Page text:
Document Detail

Enhanced neural drive after maximal strength training in multiple sclerosis patients.
MedLine Citation:
PMID:  20512584     Owner:  NLM     Status:  MEDLINE    
Multiple sclerosis (MS) patients suffer from impaired muscle activation and lower limb strength. Strength training enhances muscle activation and muscle strength, but neural adaptations to strength training remain unexplored in MS patients. The hypothesis was that maximal strength training (MST) using high loads and few repetitions would improve central neural drive and thus strength capacity of MS patients. 14 MS patients staying at a national MS rehabilitation center were randomly assigned to a MST group or a control group (CG). Both groups received "today's treatment". In addition, the MST group trained 4 x 4 repetitions of unilateral dynamic leg press and plantar flexion 5 days a week for 3 weeks. Neural adaptations of the soleus muscle were assessed by surface electromyography (EMG) activity, and by superimposed H-reflexes and V-waves obtained during maximum voluntary isometric plantar flexor contractions (MVCs). H-reflexes and V-waves were normalized by the M-wave (H(SUP)/M(SUP), V/M(SUP), respectively). In the MST group, MVC increased by 20 +/- 9% (P < 0.05). Soleus EMG activity and V/M(SUP) ratio increased by 40 and 55%, respectively, in the MST group compared to the CG (P <or= 0.05). The H(SUP)/M(SUP) ratio remained unchanged. No change was apparent in the CG. MST group subjects were able to complete all training sessions. No adverse effects were reported. This randomized study provides evidence that MST is effective of augmenting the magnitude of efferent motor output of spinal motor neurons in MS patients, alleviating some neuromuscular symptoms linked to the disease.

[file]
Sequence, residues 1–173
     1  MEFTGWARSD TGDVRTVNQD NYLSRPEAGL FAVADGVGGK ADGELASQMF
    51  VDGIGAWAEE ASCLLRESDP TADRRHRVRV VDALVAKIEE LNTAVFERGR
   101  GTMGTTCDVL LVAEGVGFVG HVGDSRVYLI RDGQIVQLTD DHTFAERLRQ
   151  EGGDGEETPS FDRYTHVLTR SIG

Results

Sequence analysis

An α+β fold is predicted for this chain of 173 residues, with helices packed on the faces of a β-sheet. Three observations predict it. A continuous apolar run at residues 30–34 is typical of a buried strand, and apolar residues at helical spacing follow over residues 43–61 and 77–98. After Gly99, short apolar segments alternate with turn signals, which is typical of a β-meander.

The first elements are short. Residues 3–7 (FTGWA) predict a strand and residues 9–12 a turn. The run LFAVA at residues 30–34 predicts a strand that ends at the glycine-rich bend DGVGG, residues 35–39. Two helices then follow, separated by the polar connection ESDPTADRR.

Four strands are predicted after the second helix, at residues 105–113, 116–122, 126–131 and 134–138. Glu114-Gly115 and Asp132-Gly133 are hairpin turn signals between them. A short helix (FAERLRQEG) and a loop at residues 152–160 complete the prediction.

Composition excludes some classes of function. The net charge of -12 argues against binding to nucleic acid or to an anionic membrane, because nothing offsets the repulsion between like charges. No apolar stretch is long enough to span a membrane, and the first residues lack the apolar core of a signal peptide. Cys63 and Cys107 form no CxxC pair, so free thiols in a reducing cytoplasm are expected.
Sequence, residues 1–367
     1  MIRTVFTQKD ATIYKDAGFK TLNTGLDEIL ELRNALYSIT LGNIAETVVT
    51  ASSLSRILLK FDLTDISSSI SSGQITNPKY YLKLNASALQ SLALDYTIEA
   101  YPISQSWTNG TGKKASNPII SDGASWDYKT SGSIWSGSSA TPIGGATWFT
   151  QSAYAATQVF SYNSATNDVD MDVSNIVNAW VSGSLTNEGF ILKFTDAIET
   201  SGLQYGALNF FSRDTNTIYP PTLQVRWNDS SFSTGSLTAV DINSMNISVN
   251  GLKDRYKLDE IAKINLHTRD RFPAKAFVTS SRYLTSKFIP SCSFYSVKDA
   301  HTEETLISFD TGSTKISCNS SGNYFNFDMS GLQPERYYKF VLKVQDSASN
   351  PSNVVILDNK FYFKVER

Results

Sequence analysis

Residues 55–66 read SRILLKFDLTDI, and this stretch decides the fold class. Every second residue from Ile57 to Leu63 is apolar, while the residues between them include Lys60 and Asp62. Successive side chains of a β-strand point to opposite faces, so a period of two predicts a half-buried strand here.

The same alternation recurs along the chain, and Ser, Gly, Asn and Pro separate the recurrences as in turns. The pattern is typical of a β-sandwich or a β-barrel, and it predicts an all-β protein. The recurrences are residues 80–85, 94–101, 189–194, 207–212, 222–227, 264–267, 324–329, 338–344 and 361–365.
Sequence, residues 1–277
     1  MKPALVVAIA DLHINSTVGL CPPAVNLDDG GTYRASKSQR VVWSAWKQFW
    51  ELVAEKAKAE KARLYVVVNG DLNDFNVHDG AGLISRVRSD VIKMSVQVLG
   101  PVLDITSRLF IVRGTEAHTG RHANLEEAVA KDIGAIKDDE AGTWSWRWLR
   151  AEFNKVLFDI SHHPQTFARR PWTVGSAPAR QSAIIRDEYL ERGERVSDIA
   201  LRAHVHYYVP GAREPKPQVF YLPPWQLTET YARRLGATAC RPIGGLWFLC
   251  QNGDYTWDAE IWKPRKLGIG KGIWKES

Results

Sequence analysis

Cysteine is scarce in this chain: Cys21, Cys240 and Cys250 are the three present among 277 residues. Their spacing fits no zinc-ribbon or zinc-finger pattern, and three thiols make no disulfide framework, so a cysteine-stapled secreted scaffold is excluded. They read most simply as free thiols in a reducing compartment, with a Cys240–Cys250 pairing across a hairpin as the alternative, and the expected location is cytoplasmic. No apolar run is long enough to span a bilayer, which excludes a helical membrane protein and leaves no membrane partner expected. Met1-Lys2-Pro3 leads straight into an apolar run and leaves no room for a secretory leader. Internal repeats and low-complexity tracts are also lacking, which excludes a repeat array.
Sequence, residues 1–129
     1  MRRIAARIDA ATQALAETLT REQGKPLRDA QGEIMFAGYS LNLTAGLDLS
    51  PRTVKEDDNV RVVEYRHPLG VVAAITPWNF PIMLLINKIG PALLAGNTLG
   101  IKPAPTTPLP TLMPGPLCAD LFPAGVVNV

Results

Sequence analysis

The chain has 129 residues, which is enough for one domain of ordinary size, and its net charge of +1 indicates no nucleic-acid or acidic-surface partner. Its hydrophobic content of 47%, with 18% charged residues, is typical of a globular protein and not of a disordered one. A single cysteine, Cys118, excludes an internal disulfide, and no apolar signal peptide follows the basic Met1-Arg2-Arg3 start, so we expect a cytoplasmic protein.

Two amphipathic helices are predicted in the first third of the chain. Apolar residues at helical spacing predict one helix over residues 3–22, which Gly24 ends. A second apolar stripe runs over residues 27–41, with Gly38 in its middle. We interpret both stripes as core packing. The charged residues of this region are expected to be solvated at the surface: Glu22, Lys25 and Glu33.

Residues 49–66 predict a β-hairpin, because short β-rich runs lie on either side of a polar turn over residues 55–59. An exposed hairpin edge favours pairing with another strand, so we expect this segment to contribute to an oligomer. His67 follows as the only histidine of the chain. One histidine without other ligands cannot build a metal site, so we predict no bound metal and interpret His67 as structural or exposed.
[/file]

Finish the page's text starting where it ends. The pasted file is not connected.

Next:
Marius S Fimland; Jan Helgerud; Markus Gruber; Gunnar Leivseth; Jan Hoff
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Publication Detail:
Type:  Journal Article; Randomized Controlled Trial     Date:  2010-05-30
Journal Detail:
Title:  European journal of applied physiology     Volume:  110     ISSN:  1439-6327     ISO Abbreviation:  Eur. J. Appl. Physiol.     Publication Date:  2010 Sep 
Date Detail:
Created Date:  2010-08-27     Completed Date:  2010-12-13     Revised Date:  -    
Medline Journal Info:
Nlm Unique ID:  100954790     Medline TA:  Eur J Appl Physiol     Country:  Germany    
Other Details:
Languages:  eng     Pagination:  435-43     Citation Subset:  IM    
Department of Circulation and Medical Imaging, Faculty of Medicine, Norwegian University of Science and Technology, Trondheim, Norway.
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MeSH Terms
Adaptation, Physiological
Evoked Potentials, Motor
Isometric Contraction*
Lower Extremity
Middle Aged
Motor Neurons*
Multiple Sclerosis / physiopathology,  therapy*
Muscle Strength*
Muscle, Skeletal / innervation*
Resistance Training*
Time Factors
Treatment Outcome

From MEDLINE®/PubMed®, a database of the U.S. National Library of Medicine

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